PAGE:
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Camden New Journal - OBITUARY
Published: 10 January 2008

James Shallcross
Circus worker, artist and activist

JAMES Shallcross, who has died aged 90, was a tenant activist on the Maiden Lane estate in Camden Town, a lifelong member of the “Old”, as opposed to “New”, Labour Party and a regular contributor to the New Journal’s letters pages.
Cheshire-born, he spent much of his early life in Manchester, where his father was a baker. After leaving school aged 14, he worked in the family business.
In the mid-1930s he joined Gerry Cottle’s circus, travelling around Britain looking after the horses and helping to put up marquees. But he became romantically involved with a trapeze artist and had to leave.
With war approaching, he was torn between his pacificism and an awareness of the threat posed by Nazi Germany. On September 2, 1939 – the day before war was declared – he joined the army despite signing the Peace Pledge the day before.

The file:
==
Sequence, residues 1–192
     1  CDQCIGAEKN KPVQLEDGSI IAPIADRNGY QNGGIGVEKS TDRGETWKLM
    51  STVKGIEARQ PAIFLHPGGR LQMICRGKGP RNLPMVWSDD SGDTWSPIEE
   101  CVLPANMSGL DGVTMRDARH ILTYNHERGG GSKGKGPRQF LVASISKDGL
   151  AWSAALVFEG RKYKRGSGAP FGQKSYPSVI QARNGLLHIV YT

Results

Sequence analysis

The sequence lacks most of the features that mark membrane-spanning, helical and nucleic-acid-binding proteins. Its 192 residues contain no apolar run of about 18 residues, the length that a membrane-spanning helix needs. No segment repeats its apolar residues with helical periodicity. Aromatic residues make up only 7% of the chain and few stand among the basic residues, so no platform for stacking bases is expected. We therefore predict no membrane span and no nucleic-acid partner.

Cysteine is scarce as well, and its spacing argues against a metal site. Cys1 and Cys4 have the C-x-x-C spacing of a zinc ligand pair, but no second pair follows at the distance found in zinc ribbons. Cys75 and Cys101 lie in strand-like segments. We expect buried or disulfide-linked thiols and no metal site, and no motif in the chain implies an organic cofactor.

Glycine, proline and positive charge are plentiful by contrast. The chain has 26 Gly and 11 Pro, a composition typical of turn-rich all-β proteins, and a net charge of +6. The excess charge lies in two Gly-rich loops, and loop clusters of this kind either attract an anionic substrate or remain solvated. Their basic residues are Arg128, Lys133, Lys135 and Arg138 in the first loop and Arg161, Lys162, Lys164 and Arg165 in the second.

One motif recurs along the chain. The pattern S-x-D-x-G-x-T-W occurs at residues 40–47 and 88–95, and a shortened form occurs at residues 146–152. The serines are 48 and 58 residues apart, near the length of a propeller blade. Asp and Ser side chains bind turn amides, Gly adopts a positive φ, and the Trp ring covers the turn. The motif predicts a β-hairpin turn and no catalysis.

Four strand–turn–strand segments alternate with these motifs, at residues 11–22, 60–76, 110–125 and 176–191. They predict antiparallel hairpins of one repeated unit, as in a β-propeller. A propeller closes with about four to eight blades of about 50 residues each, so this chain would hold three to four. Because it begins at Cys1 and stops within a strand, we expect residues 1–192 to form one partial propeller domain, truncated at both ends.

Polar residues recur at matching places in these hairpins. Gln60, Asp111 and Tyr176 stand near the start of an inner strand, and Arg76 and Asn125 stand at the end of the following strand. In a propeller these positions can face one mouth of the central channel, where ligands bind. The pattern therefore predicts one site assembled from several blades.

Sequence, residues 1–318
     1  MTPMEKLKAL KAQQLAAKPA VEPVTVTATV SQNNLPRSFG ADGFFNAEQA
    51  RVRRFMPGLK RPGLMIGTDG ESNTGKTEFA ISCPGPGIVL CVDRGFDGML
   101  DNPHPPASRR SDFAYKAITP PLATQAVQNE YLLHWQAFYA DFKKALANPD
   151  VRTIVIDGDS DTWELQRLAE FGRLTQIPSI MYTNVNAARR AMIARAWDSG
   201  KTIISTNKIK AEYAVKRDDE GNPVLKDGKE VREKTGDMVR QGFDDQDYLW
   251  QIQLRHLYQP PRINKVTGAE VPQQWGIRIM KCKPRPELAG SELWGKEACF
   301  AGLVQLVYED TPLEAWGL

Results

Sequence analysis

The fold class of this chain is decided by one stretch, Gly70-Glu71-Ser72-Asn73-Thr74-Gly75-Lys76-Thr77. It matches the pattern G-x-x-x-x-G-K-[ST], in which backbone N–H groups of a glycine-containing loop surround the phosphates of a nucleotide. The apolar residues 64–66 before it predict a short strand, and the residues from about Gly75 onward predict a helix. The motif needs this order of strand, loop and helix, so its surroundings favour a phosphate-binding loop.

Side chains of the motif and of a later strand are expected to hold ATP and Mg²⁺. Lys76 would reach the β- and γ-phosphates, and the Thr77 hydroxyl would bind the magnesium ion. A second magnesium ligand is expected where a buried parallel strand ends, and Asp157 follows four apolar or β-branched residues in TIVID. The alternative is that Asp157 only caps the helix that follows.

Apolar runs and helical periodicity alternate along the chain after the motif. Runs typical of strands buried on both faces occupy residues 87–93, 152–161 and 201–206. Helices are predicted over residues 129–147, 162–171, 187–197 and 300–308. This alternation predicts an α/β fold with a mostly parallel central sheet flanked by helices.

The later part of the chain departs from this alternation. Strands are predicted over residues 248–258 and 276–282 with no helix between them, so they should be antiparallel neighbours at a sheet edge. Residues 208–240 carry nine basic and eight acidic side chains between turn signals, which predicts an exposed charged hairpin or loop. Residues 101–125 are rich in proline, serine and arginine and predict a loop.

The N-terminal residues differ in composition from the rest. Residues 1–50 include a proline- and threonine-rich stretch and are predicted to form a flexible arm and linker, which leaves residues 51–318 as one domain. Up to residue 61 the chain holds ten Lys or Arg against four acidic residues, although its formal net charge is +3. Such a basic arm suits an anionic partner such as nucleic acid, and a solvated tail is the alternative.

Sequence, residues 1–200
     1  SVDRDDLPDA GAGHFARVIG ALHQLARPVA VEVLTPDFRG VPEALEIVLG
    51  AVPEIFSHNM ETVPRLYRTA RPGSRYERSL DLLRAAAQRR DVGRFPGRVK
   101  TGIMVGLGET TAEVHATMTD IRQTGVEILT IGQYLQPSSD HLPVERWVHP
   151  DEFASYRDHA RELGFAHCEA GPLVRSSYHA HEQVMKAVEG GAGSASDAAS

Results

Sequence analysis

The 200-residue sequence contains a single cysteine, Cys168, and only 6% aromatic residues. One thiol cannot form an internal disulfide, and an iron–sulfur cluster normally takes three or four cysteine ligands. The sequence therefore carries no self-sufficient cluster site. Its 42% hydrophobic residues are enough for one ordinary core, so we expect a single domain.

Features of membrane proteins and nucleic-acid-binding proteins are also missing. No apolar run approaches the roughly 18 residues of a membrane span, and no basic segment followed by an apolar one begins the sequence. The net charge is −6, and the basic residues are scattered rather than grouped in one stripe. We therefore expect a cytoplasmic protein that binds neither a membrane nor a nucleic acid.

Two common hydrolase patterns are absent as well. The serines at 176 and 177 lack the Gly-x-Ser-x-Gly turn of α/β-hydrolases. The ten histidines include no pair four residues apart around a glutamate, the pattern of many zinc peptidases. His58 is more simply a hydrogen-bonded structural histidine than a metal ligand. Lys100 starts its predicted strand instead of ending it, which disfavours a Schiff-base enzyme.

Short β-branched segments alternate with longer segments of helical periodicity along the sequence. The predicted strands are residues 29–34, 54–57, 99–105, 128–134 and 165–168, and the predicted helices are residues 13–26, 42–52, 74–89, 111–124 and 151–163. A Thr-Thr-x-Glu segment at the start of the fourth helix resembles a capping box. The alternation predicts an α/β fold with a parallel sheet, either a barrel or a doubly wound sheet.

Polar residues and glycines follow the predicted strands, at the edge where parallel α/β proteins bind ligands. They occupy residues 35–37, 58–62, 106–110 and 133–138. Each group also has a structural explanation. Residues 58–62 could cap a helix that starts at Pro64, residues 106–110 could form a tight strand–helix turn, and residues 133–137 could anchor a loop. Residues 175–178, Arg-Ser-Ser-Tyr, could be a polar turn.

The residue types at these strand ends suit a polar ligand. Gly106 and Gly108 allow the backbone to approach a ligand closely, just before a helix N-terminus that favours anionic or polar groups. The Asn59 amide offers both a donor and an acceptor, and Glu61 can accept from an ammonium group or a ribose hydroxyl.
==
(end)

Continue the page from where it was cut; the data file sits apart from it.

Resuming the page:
As a baker, he worked in canteens and mess halls, and was posted for a time to Norfolk where he became an assistant to a colonel – a way of doing his bit for the war effort without compromising his beliefs.
However, he did see active service abroad: his unit was in the second wave of British soldiers who landed on the Normandy beaches.
Later, billeted in a chateau, he discovered a cellar full of calvados. His family recall his accounts of the raucous party that ensued.
He was also put in charge of guarding prisoners-of-war, and made a point of treating captured German soldiers with respect and humanity.
Following the war, he lived in the then bohemian enclave of Belsize Park, moving into a garret with a troupe of dancers and becoming an artist. It was here, in 1955, he met his wife Patricia, a ballet dancer. The couple had four children before divorcing.
James then lived in a number of squats in Camden, including a spell at Elizabeth Garrett Anderson Hospital in Bloomsbury. In the 1980s he found a permanent home on the Maiden Lane estate.
His artistic nature took him into silkscreen printing. He had a business in Shoreditch and during the 1960s produced posters and T-shirts of pop stars such as Jimi Hendrix.
After retiring, he became interested in local politics, and campaigned alongside neighbours to improve conditions and defend the rights of tenants on his estate.
He also turned his hand to writing. As well as providing lively and considered letters on local and national issues for the New Journal, he wrote poetry and short stories. Many were published in periodicals and anthologies.
He is survived by his children, Lydia, Adam, Mark and Ben.


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